Travel through a world in which statistics control all.
Metrico+ is a puzzle platformer originally released on PS Vita, and now Xbox One, PS4, and Steam. I’ll start by saying that I don’t like puzzle platformers. I often find them too difficult for my tiny brain to work its way through and give up long before their conclusion. This one was something of a different story, and it all comes down to its subject matter. Graphs. Metrico+ bases its world and puzzles around bar charts, line charts, x and y co-ordinates and so forth. Your interactions with the world changes these graphs, allowing you to progress and discover its ever more complex challenges. It sounds utterly bonkers and it is, but it works almost flawlessly thanks to the game being well executed along with its interesting concept. Allow me to explain why!
The game’s worlds are made up of single screen puzzles in which you need to progress from left to right. So far, so platformer. The difference here is that each puzzle is made up of bars and lines that change based on how you interact with the world. Sometimes walking right will cause a barrier to lower, but moving left raises it again. Other times firing a shot will move a platform into position for you to progress. Or perhaps you’ll have to trade places with an enemy character to have them hold down a button to open up a path. There are some genuinely interesting ways in which you can interact and how the game responds. At times it looks intimidating, but giving yourself time to experiment on each screen will allow you to work out what needs to be done. I never felt stuck for long.
As the game progresses, new abilities will unlock, allowing for more complex puzzles to be solved. They do all boil down to the same ideas though, simply applying another layer to them, or requiring tricky timing to complete. As someone who quite likes different types of graphs (don’t judge!) it’s a shame that in terms of gameplay only a couple of graphs are actually used. I’d like to manipulate pie charts and scatter graphs in some of the puzzles. A rotating pie chart that can you have to stand inside as you move is one simple example. Different types of graph do appear in the background and as part of the worlds, just not as part of a puzzle.
The worlds themselves are all varied, each with a lovely art style. As you progress through each of the six worlds the amount of complexity in the background grows in a way similar to Rez. The backgrounds don’t intrude on the puzzles as the pastel colours keep your attention only on what is relevant. The animation is also of a high standard, although the majority is limited to your character who moves very fluidly. The reminded me of the animation style of the characters in Limbo and Inside due to the amount of detail in each movement. On the whole the game’s visuals are simple, but very well done for what they are.
Whilst it has no effect on the gameplay, you can choose the gender of your character which is a nice touch. I didn’t know this from the menu though, as it has absolutely no text and relies on symbols. This is all well and good but in some instances it wasn’t clear what each button did. Maybe I’m in the minority with this one, but I like to know what a menu button does and I wasn’t entirely clear with this. The lack of text does work rather well once in the game’s levels, with any instructions being given to you through a diagram of your keyboard/mouse whilst learning to use the abilities is accomplished through solving simple early puzzles.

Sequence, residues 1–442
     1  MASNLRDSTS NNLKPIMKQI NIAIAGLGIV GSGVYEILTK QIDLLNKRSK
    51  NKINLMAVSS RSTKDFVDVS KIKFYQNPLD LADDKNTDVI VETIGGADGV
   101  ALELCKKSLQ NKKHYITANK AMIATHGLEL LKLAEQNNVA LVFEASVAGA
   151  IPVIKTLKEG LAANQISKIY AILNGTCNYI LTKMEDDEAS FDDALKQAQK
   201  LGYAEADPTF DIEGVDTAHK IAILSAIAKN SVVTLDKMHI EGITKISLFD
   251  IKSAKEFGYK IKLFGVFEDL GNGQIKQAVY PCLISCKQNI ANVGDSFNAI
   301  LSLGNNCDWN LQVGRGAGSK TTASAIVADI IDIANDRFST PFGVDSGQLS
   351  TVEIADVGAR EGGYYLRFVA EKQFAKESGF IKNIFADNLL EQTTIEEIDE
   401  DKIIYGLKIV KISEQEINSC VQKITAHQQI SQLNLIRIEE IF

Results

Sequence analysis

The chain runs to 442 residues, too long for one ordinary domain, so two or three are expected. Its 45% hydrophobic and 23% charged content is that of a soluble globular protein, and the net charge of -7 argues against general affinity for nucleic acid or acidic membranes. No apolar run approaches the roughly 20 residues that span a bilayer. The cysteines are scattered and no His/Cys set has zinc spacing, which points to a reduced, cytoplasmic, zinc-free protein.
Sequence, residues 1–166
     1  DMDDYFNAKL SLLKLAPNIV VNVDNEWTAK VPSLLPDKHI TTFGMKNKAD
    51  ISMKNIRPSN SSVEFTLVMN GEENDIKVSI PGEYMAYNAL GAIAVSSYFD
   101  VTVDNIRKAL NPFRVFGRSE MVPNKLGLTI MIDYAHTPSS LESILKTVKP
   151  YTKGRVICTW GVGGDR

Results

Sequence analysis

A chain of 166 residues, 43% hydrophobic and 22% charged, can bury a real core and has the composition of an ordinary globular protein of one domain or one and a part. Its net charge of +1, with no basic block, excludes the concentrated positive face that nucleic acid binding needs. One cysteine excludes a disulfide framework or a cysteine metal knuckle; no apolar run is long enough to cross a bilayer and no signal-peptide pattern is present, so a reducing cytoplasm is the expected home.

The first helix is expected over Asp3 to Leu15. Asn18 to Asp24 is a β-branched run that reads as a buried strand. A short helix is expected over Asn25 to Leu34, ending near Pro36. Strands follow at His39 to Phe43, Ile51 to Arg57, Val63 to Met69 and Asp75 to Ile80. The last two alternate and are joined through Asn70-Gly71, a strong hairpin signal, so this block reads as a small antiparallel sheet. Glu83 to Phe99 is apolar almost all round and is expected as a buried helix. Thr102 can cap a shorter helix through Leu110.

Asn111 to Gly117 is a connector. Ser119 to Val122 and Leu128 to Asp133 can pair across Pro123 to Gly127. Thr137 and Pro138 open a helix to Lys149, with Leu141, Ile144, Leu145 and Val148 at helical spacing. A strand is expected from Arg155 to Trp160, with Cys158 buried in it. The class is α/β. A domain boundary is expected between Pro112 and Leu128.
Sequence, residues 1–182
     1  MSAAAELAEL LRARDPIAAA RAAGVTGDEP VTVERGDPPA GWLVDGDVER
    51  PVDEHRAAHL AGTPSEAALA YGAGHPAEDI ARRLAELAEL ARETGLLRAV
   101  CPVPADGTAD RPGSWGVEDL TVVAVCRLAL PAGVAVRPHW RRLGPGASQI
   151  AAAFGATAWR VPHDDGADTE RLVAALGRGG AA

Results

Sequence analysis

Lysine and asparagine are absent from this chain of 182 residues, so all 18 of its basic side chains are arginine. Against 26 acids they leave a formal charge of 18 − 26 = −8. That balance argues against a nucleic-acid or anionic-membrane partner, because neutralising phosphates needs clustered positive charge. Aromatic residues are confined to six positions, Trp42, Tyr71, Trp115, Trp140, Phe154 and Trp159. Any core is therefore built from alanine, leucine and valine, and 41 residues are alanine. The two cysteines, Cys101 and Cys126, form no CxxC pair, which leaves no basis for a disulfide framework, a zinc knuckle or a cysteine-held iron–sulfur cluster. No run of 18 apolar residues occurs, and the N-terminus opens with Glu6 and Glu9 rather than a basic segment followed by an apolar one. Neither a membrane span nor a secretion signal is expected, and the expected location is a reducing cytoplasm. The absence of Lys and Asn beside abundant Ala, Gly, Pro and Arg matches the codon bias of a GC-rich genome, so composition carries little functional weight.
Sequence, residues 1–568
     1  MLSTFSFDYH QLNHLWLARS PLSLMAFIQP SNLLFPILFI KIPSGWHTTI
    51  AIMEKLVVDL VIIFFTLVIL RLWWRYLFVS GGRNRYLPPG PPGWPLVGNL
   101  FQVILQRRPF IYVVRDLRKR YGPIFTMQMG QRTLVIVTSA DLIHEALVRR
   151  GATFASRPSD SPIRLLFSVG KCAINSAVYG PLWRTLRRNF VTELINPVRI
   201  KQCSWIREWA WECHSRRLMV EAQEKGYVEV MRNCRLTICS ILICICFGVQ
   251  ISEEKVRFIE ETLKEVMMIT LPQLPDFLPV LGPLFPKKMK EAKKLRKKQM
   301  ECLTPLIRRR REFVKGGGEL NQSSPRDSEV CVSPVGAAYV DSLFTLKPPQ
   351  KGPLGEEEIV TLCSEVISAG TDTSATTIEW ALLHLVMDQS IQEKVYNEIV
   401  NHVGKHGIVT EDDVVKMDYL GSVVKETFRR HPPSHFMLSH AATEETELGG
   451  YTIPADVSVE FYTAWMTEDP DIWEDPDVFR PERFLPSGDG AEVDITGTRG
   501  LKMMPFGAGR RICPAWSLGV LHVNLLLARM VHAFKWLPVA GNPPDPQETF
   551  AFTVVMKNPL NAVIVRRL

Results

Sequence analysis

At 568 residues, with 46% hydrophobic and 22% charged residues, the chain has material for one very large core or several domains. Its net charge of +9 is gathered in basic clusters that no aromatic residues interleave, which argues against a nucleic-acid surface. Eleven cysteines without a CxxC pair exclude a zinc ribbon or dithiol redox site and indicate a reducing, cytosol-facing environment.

Minor spoilers ahead, so be warned! There does seem to be a story here, although I’m not too certain what it is. As you travel through the game, your character will occasionally double over in apparent pain whilst clutching their arm, leg or head. At the end of each stage you are presented with a choice, each of which highlights a different body part. Whichever part you choose will be transformed into a robotic version of itself until you are entirely mechanical. Nothing is explained throughout the game, similar to Limbo and Inside once again, but unlike those two games I find myself struggling to come to a conclusion. Perhaps a cautionary tale of how society is run by statistics in such a way they we are all lead to thinking in a similar way? I’m uncertain, but perhaps a little more visual story telling would give away a little more of the intention.
The game took me approximately 3 hours to finish which is as long as it needs to be to my mind. At no point did I feel an area was overstaying its welcome due to good pacing. Each world introduces you to a new ability and then tests your skills in its use in more and more challenging ways before moving you on to the next world. If you feel that its length is a little on the short side, then there are a couple of additional features for you to try your hand at. Each level has a number of collectables found by positioning each puzzle piece in a certain way. These are very challenging to get in some places, but there is a good deal of satisfaction to be found by completing each one. Then there is a speed run mode that does exactly as you’d expect. This is a nice feature, but not one that is to my tastes.
On the whole, this is an enjoyable experiment in puzzle platforming. The interesting art style and conceit coupled with some inventive puzzles make for an entertaining experience. The only thing missing was more puzzle variety, which isn’t much a criticism. It simply means that I wanted more of this to play, and more graphs to play with!